from The American Heritage® Dictionary of the English Language, 5th Edition.

  • noun A closed plane figure bounded by three or more line segments.

from The Century Dictionary.

  • noun In geometry, a closed figure formed by the intersections of a number of straight lines, each with two others; especially, a plane figure of this sort; a figure with numerous angles
  • noun two sets of n lines, each cutting all the lines of the other set upon one curve of the nth order.
  • noun A train of sects whose last point is identical with the first.
  • noun In ordnance, a place especially arranged for making ballistic tests of guns, projectiles, armor, and powder. Same as proving-ground.

from the GNU version of the Collaborative International Dictionary of English.

  • noun (Geom.) A plane figure having many angles, and consequently many sides; esp., one whose perimeter consists of more than four sides; any figure having many angles.
  • noun (Mech.) a polygonal figure, the sides of which, taken successively, represent, in length and direction, several forces acting simultaneously upon one point, so that the side necessary to complete the figure represents the resultant of those forces. Cf. Parallelogram of forces, under Parallelogram.

from Wiktionary, Creative Commons Attribution/Share-Alike License.

  • noun geometry A plane figure bounded by straight edges.
  • noun geometry The boundary of such a figure.
  • noun geometry, more generally A figure comprising vertices and (not necessarily straight) edges, alternatingly.
  • noun geometry Such a figure and its interior, taken as a whole.

from WordNet 3.0 Copyright 2006 by Princeton University. All rights reserved.

  • noun a closed plane figure bounded by straight sides


from The American Heritage® Dictionary of the English Language, 4th Edition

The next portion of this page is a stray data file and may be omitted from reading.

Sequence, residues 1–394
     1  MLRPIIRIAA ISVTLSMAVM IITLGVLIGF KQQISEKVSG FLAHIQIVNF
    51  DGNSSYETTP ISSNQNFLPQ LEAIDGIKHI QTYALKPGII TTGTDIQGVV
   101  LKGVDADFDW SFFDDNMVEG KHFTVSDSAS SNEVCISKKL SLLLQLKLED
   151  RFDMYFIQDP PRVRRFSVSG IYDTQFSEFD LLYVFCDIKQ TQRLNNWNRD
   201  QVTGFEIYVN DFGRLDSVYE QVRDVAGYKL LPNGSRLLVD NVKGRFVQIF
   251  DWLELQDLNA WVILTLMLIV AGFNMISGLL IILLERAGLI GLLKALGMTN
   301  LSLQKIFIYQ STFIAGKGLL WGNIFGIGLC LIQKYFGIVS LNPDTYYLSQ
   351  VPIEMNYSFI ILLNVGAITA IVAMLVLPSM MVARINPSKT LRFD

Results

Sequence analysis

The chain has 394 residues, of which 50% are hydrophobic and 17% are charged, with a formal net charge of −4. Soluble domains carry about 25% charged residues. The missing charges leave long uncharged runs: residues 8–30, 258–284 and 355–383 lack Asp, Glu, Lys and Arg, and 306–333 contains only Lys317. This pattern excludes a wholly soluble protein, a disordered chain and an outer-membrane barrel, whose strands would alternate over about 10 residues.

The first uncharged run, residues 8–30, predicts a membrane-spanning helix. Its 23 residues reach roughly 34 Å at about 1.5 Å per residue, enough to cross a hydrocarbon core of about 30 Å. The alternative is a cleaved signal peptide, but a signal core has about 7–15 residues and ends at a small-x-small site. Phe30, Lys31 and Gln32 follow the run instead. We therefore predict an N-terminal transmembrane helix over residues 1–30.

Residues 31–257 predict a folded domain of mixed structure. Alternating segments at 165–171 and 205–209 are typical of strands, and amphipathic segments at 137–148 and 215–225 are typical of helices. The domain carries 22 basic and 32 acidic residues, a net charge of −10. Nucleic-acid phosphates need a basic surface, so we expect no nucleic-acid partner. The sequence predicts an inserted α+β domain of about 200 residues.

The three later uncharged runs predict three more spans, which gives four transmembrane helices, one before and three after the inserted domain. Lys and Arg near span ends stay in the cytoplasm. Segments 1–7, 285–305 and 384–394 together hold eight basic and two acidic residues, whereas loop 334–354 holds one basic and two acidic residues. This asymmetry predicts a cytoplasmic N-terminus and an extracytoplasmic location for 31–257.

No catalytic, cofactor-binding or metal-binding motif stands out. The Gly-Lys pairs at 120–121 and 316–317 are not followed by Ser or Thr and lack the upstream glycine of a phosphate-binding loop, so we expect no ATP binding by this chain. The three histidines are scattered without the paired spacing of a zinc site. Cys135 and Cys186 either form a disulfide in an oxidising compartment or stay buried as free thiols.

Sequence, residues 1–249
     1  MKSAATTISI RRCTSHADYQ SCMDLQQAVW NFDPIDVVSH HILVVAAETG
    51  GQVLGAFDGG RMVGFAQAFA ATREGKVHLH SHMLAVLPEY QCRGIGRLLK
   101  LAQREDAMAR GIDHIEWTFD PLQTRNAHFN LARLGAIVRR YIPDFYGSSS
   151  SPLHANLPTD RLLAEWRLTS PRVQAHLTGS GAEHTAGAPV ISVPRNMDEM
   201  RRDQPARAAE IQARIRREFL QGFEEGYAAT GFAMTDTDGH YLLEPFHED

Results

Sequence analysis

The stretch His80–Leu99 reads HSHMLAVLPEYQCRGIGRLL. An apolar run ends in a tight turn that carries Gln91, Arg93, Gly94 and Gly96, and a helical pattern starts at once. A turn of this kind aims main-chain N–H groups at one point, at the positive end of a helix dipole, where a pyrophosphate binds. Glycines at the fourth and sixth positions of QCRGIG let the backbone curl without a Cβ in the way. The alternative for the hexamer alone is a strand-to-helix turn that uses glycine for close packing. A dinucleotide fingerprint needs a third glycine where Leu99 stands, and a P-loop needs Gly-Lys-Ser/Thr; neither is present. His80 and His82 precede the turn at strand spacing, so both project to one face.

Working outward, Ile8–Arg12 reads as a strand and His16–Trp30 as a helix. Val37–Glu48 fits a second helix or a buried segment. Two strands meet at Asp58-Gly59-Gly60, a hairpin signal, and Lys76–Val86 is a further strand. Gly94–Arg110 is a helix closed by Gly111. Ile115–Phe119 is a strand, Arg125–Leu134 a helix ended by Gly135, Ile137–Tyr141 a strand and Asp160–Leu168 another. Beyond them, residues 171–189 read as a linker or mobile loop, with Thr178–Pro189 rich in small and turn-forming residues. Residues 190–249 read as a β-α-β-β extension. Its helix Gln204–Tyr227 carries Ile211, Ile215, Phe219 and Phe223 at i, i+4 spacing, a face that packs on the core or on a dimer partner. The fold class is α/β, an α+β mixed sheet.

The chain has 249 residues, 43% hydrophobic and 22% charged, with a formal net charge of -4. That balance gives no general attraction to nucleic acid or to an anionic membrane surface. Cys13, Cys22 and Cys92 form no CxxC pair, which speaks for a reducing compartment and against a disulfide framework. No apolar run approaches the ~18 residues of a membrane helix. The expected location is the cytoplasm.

[Late Latin polygōnum, from Greek polugōnon, from neuter of Greek polugōnos, polygonal : polu-, poly- + -gōnos, angled; see –gon.]

from Wiktionary, Creative Commons Attribution/Share-Alike License

Ancient Greek πολύγωνον (polygōnon), from πολύς (polus, "many") and γωνία (gōnia, "angle").


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  • His mathematical friends could have told him, that though it was talked of as a polygon, it was not supposed to be a square; but _polygon_ would not have rhymed to _stare_; and poets, when they launch into the ocean of words, must have an eye to the helm; at all events a poet, who is not supposed to be a student of the exact sciences, may be forgiven for a mathematical blunder.

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  • The term polygon is applied to figures having flat sides equidistant from a common centre.

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  • How many diagonals can be drawn in the po? the measure of an exterior angle of a regular polygon is 30 degrees.

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  • Measuring Po by admin on Jul. 03, 2009, under Uncategorized the measure of an exterior angle of a regular polygon is 30 degrees.

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  • When an English-speaking child is confronted for the first time with the word polygon, he needs an explanation.

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  • He took the circle to be an infinilateral regular polygon, that is, a regular polygon with an infinite number of (infinitesimally short) sides.

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  • This is the purple polygon, which is a part of the county near Driscoll, which is affected by this.

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  • You can see here on the radar screen, this pink polygon, that is where that tornado warning is for northwest Alabama and the cell itself really, really weakening here.

    CNN Transcript May 8, 2008

  • And this polygon, which is a new way that we indicate severe weather warnings out of the National Weather Service, kind of zooms it in and narrows it down just a little bit.

    CNN Transcript Mar 26, 2007

  • The next step is to see where the meteorological stations are and the assign each station an area of influence defined as a polygon whose boundary is the 1/2 way point between adjacent stations, old fashioned way of doing polygonised ore reserves so that we end up each station having an area assigned to it.

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